By David A. Zobel
An Illinois appellate court recently upheld a two-year, non-solicitation activity covenant and one-year anti-raiding covenant between a tax preparation service and its employee, despite the employee’s seasonal employment of just three months. Zabaneh Franchises, LLC v. Walker, 972 N.E. 2d 344 (Ill. App. 2012).
In July of 2010, Zabaneh Franchises, LLC, an income tax preparation service based in Quincy, Ill., purchased an existing H&R Block, Inc. franchise. The sale included an assignment of employment agreements with H&R Block’s employees, including that with Terri Walker. Walker had signed an employment agreement in November 2009, as she did annually beginning in 2003. Pursuant to this agreement, Walker agreed to work during the 2010 “tax season,” from January 2 through April 15, 2010. Walker completed this tax season employment without incident.
In February 2011, Zabaneh filed suit against Walker alleging that within a few months of leaving Zabaneh in April 2010, Walker started her own tax preparation business, solicited clients, and hired employees of H&R Block in violation of her employment agreement. Zabaneh’s complaint sought a temporary restraining order against Walker to bar her from engaging further in such activities. The trial court found Walker’s employment agreement to constitute a “contract of adhesion” (a “take it or leave it” imbalanced agreement favoring one party) and denied Zabaneh’s request for a temporary restraining order. The case was subsequently dismissed with prejudice.
On appeal, the appellate court was asked to consider whether Walker’s employment agreement was reasonable and enforceable. In doing so, the court noted that the Illinois Supreme Court had recently addressed the proper standard for analyzing the enforceability of restricted covenants in an employment agreement in Reliable Fire Equipment Co. v. Arredondo, 965 N.E.2d 393 (Ill. 2012). Continue reading »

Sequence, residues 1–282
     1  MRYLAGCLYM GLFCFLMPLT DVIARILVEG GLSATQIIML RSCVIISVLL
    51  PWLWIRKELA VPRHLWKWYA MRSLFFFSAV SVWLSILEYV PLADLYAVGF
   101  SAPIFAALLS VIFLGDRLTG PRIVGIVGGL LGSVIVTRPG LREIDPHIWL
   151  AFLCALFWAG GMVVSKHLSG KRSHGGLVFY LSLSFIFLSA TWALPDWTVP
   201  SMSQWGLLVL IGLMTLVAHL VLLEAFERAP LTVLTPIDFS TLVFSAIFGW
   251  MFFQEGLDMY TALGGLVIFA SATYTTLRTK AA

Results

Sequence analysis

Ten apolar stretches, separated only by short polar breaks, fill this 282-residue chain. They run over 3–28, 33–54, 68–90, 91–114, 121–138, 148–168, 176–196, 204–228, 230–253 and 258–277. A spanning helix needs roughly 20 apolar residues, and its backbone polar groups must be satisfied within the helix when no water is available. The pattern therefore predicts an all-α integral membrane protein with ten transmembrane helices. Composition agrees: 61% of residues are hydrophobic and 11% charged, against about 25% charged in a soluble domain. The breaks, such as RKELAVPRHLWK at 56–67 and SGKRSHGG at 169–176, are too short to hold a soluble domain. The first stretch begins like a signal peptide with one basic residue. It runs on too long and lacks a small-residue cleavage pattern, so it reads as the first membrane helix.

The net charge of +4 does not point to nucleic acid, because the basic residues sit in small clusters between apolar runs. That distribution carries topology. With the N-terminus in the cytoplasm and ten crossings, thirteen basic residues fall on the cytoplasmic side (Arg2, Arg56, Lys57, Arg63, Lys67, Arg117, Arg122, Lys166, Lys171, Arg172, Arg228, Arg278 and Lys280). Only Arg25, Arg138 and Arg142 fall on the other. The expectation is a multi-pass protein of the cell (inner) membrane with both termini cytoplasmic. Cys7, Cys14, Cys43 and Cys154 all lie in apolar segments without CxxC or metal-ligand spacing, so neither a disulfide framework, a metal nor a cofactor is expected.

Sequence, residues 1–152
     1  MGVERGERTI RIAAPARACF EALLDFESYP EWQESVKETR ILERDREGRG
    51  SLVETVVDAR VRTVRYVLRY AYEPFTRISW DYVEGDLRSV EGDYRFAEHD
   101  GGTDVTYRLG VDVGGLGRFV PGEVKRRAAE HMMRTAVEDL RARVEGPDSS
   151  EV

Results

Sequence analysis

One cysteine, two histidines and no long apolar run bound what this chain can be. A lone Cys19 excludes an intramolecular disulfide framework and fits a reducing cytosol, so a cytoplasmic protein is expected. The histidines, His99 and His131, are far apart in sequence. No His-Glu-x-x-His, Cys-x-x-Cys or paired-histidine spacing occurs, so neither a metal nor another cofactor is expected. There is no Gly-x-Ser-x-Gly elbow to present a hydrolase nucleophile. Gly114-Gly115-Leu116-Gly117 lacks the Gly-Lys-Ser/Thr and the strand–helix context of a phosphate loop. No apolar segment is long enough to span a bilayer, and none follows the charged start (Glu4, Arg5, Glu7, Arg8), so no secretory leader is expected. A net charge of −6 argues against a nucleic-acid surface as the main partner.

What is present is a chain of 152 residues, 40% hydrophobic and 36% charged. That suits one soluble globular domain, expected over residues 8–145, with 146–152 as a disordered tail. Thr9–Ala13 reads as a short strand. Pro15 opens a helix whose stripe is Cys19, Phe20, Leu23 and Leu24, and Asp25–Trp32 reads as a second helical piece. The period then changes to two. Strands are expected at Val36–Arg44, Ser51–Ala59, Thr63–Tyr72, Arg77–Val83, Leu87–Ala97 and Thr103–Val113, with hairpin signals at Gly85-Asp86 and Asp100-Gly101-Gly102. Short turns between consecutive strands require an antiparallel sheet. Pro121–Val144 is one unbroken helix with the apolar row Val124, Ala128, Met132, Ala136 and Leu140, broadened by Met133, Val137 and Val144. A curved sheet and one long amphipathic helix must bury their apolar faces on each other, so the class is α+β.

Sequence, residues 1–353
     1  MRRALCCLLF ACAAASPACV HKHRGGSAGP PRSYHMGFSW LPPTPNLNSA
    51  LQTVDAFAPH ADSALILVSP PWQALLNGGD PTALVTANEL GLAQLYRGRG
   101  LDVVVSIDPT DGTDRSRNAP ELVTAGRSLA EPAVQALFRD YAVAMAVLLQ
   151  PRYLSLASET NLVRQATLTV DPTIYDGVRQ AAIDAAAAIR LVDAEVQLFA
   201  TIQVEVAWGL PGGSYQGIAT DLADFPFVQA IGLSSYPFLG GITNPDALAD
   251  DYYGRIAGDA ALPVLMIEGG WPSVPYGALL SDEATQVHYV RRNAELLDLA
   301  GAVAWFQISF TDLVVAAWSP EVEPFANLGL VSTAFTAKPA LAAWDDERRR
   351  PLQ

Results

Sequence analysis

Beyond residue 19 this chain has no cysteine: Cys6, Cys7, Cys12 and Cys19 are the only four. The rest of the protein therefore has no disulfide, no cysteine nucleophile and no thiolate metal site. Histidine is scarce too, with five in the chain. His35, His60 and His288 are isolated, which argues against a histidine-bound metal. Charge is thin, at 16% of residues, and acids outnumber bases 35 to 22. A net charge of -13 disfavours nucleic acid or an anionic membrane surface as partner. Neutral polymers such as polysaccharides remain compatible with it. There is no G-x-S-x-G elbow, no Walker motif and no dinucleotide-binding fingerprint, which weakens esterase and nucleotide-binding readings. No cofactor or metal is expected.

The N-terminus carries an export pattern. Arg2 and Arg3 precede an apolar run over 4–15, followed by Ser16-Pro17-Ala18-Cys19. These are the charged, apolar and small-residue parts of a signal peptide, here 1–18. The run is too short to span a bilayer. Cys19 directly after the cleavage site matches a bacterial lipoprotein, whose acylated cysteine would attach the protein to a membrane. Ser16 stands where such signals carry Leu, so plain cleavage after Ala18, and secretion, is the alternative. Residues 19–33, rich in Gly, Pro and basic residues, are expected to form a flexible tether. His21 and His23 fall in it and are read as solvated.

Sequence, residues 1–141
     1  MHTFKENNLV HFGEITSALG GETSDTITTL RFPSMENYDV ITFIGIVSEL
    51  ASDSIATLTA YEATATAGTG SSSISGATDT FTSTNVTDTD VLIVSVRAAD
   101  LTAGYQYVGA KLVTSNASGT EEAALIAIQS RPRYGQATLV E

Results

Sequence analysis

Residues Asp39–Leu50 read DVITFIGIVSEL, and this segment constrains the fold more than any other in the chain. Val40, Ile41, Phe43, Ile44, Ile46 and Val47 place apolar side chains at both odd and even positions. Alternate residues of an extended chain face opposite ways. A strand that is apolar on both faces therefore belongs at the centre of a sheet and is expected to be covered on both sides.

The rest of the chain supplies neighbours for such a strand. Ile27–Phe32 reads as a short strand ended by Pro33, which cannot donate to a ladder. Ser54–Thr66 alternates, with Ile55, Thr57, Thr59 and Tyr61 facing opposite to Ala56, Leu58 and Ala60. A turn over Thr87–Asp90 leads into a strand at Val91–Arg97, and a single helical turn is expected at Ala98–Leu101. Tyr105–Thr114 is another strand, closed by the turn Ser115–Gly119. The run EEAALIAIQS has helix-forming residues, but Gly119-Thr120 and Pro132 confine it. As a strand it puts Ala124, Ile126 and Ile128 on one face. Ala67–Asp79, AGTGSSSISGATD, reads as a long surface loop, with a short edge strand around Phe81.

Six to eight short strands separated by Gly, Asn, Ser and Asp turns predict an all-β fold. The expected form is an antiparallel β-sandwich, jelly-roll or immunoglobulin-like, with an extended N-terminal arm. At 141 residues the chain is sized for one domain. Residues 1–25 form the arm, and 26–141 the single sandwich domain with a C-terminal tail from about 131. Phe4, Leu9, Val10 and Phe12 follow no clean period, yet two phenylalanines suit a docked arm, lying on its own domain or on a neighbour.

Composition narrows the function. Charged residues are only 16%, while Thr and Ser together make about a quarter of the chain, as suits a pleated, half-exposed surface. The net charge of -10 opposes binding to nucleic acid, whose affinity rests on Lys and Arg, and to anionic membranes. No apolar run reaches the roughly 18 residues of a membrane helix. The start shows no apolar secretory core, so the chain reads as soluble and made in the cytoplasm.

11/28/12 10:15 AM
Business Law, Emerging Business, Employment Law, Litigation | Comments Off |
Two-year, Non-solicitation Activity Covenant Upheld in Illinois for Seasonal Tax Employee
By Joseph R. Soraghan
The JOBS (Jumpstart Our Business Startups) Act (the “Act”), was signed into law by the President on April 5, 2012.
The Benefits to Entrepreneurs
Probably, to entrepreneurs, the most important change in the “Act” is the elimination of the ban on “general solicitation”. This elimination in effect allows advertising of small (heretofore “private”) offerings of investments in their businesses. For companies seeking pre-seed, seed and angel investment, this step creates or implements essentially two new types of offerings:
- Accredited investor offerings, in which the investments may be sold only to accredited investors (those who meet significant net worth or income requirements), which offerings are not new, but in which now the issuing company may advertise the offering in mass settings, such as newspapers, broadcast, and most importantly, on the Internet and in social media; and
- “Crowdfunding” offerings, also generally solicited, in which non-accredited investors may purchase the investments, but only (a) up to the lesser of $10,000 and 10% of their annual income; (b) with the assistance to the company of “intermediaries” who must meet certain requirements; and (c) with maximum sales in each offering limited to $1 million in any 12 month period (hereinafter called “crowdfunding”).